4. Experience Life Together

There’s a reason people use the phrase ‘comrades in the trenches,’ and it’s because experiencing life together can bring people closer. Now, I’m not saying we should jump to a trauma-inducing activity, but yes, let’s live a little together. Go for a hike, meet up for a drink, edit a resume together, or enjoy a small group dinner. Whatever it is, it’s crucial to move beyond the operations and metrics and tap into what makes everyone a full human being.

It’s not fluff either. As you work through the steps and do your diligence, you’ll see and hear from members about what it is they like and want in this life. You may learn who’s a parent, who has pets, who travels all of the time, etc. From there, you have the opportunity to craft moments that allow you to share those experiences. These are the intentional details that build a culture. And building this culture will provide value and community for members. You need both to be successful.

5. Build With, Not For

I saved my favorite for last. You may have noticed me mentioning ‘building with’ some of the best communities in the world. Notice I didn’t say I built some of the best communities in the world, because that would be a lie. As a community creator and leader, my job is to listen, uncover the gaps for both the business and the user, and find a way forward for all. In order to shift from building for your ideal member to building with them, you’ll need to remind yourself that at the end of the day, it’s their community.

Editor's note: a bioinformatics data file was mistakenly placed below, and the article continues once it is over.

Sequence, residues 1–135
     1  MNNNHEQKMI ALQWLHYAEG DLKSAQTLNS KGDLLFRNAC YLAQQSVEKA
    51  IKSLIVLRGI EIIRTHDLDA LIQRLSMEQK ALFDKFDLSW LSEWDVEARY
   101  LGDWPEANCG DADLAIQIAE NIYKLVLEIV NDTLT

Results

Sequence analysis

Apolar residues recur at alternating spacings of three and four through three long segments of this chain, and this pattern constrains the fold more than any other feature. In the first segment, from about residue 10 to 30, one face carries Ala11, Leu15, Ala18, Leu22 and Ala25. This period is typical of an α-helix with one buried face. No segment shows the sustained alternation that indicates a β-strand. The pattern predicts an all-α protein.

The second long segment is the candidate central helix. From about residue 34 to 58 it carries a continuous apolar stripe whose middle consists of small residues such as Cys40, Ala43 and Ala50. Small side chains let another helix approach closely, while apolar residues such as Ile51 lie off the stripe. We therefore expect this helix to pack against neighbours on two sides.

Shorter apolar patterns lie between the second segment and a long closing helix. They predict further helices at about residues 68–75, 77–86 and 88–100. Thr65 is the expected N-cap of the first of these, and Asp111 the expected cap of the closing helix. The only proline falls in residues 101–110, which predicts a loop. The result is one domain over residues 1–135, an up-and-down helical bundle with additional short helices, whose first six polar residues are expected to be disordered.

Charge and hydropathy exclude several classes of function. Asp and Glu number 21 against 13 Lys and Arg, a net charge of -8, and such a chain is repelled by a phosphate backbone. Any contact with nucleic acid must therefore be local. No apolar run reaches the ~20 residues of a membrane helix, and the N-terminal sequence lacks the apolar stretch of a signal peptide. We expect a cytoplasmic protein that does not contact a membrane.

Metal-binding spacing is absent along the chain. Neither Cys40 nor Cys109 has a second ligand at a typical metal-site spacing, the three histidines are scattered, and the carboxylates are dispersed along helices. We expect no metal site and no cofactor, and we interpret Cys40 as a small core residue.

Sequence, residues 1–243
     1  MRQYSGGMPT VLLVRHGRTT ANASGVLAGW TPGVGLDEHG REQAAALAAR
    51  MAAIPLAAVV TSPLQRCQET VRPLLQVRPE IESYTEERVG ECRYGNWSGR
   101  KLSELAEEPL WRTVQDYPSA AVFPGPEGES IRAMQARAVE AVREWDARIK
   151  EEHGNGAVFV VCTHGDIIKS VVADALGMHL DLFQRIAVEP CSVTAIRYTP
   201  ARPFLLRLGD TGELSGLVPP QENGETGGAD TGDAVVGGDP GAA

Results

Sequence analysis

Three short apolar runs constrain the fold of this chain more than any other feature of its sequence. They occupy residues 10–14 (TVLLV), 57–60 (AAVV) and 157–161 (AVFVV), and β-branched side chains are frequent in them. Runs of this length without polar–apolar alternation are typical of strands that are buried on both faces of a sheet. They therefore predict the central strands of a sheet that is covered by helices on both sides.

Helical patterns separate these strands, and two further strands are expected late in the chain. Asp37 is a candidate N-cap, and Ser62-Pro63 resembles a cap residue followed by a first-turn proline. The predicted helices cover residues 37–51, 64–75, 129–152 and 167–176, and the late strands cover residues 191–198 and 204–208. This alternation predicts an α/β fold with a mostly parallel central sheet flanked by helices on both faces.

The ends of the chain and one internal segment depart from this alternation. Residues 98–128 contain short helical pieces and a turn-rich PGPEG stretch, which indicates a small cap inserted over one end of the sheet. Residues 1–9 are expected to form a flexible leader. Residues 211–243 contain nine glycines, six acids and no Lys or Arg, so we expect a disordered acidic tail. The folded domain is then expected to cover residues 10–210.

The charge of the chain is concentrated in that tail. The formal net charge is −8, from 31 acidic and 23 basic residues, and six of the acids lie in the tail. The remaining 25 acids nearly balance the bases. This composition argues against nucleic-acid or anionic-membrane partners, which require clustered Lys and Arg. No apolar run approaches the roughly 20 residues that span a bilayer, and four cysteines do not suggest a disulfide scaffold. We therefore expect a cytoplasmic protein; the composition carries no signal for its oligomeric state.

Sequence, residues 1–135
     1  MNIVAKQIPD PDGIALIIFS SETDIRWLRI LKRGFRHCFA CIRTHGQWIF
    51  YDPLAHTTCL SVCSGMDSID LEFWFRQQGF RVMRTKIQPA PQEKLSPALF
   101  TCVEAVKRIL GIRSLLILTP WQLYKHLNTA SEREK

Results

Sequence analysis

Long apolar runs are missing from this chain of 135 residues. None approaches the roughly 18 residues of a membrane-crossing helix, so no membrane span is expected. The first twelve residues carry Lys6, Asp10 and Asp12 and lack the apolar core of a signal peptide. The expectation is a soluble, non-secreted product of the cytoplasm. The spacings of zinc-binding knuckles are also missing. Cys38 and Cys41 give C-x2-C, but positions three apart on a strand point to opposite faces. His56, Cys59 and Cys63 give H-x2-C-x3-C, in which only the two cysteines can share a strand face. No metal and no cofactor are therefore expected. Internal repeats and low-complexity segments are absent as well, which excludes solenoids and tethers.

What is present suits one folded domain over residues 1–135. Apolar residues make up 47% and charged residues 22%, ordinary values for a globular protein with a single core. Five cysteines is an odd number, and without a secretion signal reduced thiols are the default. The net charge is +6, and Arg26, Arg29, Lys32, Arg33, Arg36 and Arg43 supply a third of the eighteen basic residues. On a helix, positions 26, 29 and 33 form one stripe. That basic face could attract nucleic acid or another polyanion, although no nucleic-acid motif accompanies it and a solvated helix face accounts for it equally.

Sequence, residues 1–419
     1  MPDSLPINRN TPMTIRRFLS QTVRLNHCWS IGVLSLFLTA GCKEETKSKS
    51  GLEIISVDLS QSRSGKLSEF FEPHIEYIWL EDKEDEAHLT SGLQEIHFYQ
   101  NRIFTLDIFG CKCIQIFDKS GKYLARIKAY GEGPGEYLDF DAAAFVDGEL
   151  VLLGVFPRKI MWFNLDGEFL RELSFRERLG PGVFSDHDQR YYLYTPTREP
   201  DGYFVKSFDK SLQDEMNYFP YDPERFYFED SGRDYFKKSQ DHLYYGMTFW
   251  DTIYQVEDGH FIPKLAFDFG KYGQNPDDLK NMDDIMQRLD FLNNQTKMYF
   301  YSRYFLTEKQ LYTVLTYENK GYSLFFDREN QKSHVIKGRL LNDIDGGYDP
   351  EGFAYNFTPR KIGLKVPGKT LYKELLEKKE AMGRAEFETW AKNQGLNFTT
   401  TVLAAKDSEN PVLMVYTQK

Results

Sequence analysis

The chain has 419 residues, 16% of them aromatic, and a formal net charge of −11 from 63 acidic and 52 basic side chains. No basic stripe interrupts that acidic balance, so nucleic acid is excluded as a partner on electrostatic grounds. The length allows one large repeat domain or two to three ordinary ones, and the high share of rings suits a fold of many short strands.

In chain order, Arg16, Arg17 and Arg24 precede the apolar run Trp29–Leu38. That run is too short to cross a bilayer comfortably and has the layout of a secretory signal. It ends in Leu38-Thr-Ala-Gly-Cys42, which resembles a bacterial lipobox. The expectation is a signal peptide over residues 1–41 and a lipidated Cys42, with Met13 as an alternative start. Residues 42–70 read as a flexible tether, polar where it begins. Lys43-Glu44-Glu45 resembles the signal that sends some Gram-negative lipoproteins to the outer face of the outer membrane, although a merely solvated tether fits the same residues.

You cannot create something great ‘for’ them if you do not include them in what’s being built. For anyone afraid of giving up control or losing the community’s focus, this doesn’t mean you share a blank canvas and leave it up to them. Communities need leaders, and as one, your job is to source as many insights as possible, put them together like the puzzle pieces they are, and present it back to the community, reiterating what you heard and how you’re approaching it. Behind the scenes, if you’re honoring your discovery phase, that’s where you’re gathering community input before making your best recommendations. Community is a two-way street between the organizers and members, and if you can’t hear their asks, how will you ever give them what they need? 

These 5 tips, in addition to a solid framework, will guide your community from ideation to launch and help set you up for success. When in doubt, remember that your people want to be there because they took action and showed up. Those early adopters, highly-active members, and natural evangelists are the ones you want to connect with and want to build with. Tap into them as part of your team and build something great together.

It’s always worth remembering that building a community takes a lot of work, commitment, and support, but the rewards are limitless when done right. In my next and final post of this series, I’m going to talk a bit more about how to get your community a seat at the table in your company, and what it takes to be community-first. 

The Ins & Outs of SaaS Metrics: Measuring Sales & Marketing ROI

We always love to share helpful insights from our amazing community — both from operator investors and founders alike. This month, we’re wrapping up our three-post series with finance leader Christina Ross (former serial CFO turned CEO/co-founder of Cube). She’s already provided great tips around how to interpret SaaS metrics, including customer retention and the SaaS magic number. This month, we’re excited to share her valuable advice about using customer lifetime value and acquisition costs to measure a company’s return on its sales and marketing spend. Another way to think about this is the rate at which revenue is staying with the business over time, or “net dollar retention” (NDR).